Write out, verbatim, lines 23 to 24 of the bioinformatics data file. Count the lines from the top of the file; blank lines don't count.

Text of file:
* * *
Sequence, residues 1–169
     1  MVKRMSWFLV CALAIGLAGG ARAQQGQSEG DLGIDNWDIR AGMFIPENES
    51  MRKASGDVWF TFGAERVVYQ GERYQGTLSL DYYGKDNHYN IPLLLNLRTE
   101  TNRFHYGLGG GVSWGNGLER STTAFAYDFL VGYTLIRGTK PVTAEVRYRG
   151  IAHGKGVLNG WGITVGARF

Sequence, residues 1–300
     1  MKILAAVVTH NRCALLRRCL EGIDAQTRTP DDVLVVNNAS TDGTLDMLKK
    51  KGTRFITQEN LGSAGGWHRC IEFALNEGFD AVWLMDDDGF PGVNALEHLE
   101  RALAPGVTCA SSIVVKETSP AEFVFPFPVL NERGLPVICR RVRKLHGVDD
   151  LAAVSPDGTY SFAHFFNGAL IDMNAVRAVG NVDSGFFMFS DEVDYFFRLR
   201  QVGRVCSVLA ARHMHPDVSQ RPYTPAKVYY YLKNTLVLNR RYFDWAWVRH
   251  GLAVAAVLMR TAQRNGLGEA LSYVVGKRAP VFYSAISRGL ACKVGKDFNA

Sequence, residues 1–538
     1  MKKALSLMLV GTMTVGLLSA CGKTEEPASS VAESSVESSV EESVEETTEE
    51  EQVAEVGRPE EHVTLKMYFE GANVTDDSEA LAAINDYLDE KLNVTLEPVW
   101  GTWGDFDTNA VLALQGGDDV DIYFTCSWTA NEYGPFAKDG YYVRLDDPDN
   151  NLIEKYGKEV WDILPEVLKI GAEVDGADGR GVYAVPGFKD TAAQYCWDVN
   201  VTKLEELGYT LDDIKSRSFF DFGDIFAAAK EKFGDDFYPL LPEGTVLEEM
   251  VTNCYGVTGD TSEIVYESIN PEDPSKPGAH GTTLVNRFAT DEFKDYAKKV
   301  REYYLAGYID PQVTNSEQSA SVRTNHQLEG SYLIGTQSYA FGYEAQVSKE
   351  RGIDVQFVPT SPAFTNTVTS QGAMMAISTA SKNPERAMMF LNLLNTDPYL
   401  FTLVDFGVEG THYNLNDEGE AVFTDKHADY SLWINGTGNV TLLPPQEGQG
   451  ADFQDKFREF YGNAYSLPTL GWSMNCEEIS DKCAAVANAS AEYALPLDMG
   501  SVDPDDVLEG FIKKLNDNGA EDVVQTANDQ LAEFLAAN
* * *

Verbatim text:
   451  ADFQDKFREF YGNAYSLPTL GWSMNCEEIS DKCAAVANAS AEYALPLDMG
   501  SVDPDDVLEG FIKKLNDNGA EDVVQTANDQ LAEFLAAN